The Hupa Indians in California enjoyed a warm and mild climate, and dressed with minimal attire, limiting their clothing to loincloths for men, shirts and aprons for women and sandals. Clothing for the Hupa tribe varied for men, women and children. Indians dressed differently for daily purposes and special occasions too, like ceremonies and celebrations.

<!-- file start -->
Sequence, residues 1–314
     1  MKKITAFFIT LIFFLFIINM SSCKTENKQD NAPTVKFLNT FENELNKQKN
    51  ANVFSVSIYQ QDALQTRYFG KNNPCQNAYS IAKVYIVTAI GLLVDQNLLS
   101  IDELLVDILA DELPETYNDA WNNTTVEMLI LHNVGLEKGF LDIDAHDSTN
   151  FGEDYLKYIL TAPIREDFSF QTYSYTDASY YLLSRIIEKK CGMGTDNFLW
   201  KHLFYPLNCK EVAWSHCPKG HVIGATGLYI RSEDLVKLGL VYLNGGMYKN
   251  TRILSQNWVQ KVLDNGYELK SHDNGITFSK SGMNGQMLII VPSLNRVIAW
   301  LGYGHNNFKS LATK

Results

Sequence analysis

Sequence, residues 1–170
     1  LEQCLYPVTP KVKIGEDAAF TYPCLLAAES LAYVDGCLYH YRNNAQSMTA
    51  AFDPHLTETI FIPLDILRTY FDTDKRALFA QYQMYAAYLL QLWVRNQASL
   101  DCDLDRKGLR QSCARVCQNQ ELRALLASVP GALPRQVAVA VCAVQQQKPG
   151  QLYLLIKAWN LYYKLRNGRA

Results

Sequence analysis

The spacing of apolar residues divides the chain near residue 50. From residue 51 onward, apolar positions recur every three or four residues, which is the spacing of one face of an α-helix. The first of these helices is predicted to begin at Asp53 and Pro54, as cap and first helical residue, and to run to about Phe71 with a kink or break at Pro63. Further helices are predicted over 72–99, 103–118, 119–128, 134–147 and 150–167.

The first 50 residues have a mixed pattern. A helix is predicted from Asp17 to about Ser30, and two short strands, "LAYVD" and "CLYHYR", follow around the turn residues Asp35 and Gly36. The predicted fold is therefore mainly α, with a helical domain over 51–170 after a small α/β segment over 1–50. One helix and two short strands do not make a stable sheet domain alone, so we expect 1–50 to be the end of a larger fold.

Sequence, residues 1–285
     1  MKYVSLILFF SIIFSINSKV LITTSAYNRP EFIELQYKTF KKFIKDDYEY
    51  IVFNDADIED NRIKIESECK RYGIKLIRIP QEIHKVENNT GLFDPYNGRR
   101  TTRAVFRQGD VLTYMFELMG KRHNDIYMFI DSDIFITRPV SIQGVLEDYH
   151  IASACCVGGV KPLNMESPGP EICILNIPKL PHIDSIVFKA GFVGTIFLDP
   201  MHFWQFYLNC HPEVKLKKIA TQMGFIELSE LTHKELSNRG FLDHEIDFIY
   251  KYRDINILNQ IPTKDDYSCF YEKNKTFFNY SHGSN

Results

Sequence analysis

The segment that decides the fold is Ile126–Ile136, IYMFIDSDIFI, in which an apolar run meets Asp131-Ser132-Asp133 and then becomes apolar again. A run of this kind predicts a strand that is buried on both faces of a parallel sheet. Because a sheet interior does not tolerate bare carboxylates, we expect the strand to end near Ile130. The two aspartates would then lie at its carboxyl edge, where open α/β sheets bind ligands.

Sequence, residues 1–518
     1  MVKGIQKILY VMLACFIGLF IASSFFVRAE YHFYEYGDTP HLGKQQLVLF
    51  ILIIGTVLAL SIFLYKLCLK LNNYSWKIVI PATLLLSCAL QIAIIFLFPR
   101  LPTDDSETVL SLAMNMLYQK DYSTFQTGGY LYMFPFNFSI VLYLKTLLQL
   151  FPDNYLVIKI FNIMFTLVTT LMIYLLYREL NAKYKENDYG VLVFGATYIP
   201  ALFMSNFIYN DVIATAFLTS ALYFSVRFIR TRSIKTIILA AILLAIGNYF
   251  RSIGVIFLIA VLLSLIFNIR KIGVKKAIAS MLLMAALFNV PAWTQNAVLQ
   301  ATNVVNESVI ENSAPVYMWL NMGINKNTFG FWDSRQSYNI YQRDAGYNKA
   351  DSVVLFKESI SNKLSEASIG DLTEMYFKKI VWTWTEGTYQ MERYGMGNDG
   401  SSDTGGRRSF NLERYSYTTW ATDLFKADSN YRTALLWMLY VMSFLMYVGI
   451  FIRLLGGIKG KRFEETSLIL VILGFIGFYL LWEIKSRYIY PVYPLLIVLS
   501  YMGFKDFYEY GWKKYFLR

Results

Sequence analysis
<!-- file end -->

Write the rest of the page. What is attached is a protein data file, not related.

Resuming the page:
To protect themselves while staying comfortable in the mild California climate, men wore loincloths or short aprons made from animal pelts such as deerskins, or pieces of animal hides sewn together. Women typically wore long skirts made from tree bark or sturdy fibers, with double aprons featuring a long fit in the back and a shorter front which facilitated walking and moving. The aprons of women's skirts ranged from the waist to just below the knees, and had decorative fringe hems. Men and women wore fur-lined animal wraps, like modern shawls, around their shoulders and necks in cooler weather. Men and women wore deerskin moccasins when traveling, and women sported basket caps to make carrying baskets more comfortable. They wore simple hats for daily chores and fancy caps for special events. Hupa women decorated themselves with a classic tattoo design, featuring three long stripes across their chins. Men and women pierced their ears, and wore shell earrings. The Hupa wore unique clothing for important ceremonies such as the Jumping Dance and White Deerskin Dance.